While important differences remain between the Soviet and U.S. positions, I believe the next round could result in a “joint draft text” of a stabilization agreement, with unresolved issues shown by bracketed language. One or two additional rounds would then probably be needed before full accord could be achieved.

If a stabilization agreement along the lines we are developing can be concluded, I believe it would advance our security objectives in the Indian Ocean area, support our political objectives in the littoral states, and give impetus to other bilateral arms control efforts. It would also lead to U.S.-Soviet discussions on possible arms reductions in the area. It might be possible to have an Indian Ocean stabilization agreement completed and ready for signature within the next six months, perhaps at a summit meeting.

For any such schedule to be maintained, the Soviets will have to take some major steps toward us in the next rounds, since the fundamental elements of our position cannot be altered. However, we must be prepared to be flexible on a few issues, while holding to our basic position.

The following is a brief summary of the current state of play on the major remaining issues between ourselves and the Soviets:

1. Form of Agreement. The Soviets seemed prepared to consider our approach of a general stabilization agreement, supplemented by agreed documents, which would be incorporated into the agreement by reference, describing each side’s recent military activities in the Indian Ocean area. But they pressed for such statements to be more specific and quantitative than seems to me to be necessary or desirable for a stabilization agreement. They have also suggested some criteria for measuring military activity in the area which would tend to operate to U.S. disadvantage.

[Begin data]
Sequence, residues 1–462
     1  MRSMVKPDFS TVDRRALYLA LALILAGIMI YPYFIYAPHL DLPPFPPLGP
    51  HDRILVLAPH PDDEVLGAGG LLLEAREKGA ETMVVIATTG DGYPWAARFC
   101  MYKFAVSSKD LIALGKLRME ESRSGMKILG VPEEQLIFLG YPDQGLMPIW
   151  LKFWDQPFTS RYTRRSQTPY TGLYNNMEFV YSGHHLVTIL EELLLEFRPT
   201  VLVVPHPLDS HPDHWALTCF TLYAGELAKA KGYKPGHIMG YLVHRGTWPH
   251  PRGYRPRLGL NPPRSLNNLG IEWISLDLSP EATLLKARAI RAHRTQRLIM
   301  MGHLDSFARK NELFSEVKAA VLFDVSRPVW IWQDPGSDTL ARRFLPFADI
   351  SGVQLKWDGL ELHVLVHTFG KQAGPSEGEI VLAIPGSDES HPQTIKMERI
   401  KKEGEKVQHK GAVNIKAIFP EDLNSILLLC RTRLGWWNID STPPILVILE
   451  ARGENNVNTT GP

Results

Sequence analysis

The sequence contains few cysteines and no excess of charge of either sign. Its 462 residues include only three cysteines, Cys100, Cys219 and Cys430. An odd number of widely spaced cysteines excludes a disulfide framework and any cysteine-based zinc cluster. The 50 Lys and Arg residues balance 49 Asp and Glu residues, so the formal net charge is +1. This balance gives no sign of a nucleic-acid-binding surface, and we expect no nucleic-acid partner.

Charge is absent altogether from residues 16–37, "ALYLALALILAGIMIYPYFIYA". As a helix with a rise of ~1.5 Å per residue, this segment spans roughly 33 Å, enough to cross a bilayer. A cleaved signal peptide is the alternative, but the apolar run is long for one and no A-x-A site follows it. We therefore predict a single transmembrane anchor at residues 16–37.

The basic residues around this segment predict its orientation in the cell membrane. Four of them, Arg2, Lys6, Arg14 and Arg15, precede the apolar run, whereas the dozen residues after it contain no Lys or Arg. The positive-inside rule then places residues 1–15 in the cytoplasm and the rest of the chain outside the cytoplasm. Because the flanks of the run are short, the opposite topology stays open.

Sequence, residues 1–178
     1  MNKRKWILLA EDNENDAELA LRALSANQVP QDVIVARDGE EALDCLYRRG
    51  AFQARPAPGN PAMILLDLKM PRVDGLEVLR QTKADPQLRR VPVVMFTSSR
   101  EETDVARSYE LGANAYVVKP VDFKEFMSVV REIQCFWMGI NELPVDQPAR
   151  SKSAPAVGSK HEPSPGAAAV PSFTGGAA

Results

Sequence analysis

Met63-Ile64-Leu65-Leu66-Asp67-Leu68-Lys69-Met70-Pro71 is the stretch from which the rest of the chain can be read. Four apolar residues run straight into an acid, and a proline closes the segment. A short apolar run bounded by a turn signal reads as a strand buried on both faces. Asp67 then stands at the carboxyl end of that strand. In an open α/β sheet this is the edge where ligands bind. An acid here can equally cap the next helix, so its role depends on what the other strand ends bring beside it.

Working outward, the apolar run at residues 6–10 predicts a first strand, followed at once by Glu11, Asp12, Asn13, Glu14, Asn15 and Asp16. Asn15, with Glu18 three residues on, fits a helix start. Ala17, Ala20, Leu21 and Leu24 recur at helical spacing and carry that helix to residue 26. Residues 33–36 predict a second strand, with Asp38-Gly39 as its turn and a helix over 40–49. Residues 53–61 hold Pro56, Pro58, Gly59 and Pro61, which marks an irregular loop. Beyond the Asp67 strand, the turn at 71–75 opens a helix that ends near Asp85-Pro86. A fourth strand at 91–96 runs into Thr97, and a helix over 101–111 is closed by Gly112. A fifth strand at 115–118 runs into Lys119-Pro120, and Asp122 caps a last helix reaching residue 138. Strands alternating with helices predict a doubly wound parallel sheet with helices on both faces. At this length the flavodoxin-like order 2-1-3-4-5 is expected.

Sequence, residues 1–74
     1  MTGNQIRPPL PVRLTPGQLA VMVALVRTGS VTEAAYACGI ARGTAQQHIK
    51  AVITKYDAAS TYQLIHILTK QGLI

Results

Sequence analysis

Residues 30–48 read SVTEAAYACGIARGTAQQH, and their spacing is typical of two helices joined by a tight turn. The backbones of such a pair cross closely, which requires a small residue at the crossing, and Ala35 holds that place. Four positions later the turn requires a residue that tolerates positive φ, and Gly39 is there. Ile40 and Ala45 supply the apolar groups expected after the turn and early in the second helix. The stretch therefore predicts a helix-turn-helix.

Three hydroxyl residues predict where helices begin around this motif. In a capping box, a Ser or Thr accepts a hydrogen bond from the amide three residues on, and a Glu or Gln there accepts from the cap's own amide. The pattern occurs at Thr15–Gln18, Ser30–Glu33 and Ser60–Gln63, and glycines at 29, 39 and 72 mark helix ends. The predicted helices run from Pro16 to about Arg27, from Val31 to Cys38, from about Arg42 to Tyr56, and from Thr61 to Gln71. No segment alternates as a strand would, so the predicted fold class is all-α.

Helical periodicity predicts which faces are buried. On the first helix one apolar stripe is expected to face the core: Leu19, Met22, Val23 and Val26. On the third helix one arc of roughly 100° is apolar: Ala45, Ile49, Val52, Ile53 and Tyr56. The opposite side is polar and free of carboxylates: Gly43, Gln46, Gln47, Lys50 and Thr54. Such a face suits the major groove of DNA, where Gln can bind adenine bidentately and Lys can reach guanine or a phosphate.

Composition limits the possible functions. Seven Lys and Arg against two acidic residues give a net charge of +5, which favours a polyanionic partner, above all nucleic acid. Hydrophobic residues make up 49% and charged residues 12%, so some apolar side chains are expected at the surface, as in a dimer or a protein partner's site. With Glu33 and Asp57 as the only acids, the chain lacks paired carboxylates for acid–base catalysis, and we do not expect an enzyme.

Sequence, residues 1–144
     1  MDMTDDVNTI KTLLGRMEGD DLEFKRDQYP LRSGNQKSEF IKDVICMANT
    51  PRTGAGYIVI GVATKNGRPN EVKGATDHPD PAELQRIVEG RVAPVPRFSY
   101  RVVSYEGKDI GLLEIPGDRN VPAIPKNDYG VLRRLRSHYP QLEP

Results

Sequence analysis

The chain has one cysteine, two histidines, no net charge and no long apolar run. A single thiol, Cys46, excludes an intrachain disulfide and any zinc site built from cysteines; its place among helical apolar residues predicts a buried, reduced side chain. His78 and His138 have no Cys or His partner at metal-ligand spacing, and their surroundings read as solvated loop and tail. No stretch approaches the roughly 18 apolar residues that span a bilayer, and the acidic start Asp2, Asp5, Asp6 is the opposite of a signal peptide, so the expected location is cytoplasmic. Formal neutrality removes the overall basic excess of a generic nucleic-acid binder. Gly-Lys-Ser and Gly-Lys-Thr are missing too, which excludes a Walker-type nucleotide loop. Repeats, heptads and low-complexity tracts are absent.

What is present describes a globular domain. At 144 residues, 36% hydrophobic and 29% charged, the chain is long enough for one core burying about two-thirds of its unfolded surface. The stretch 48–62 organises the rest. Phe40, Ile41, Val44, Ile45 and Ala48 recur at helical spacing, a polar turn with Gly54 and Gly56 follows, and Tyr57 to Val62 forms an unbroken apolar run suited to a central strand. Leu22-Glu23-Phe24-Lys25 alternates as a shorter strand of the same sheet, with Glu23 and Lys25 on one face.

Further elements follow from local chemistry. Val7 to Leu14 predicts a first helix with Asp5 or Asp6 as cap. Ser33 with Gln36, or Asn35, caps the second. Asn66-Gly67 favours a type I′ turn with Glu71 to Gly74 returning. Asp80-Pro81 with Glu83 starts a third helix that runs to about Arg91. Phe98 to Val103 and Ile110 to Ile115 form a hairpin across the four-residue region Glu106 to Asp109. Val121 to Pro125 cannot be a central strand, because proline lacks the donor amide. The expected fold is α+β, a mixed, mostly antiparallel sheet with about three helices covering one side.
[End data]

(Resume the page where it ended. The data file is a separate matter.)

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2. Commitment to Reductions. While accepting the concept of stabilization, the Soviets continued to seek a commitment, in the agreement itself, to reductions. We took the position that we were prepared to commit ourselves to consider mutual reductions in follow-on negotiations, but that we could not agree in advance either that there would be such reductions or what form they might take.

3. Strategic Systems. The Soviets dropped their insistence on any sort of special limitations on aircraft carriers or carrier-based strike aircraft; they seemed content with our position that we would not deploy strategic aircraft to the area under stabilization. They continued to press for a specific ban on SSBNs, which I firmly rejected. In response to our earlier proposal that all submarine support facilities be banned from the area, they continued to argue that only SSBN facilities should be banned and that they should have the right to deploy a conventional submarine tender.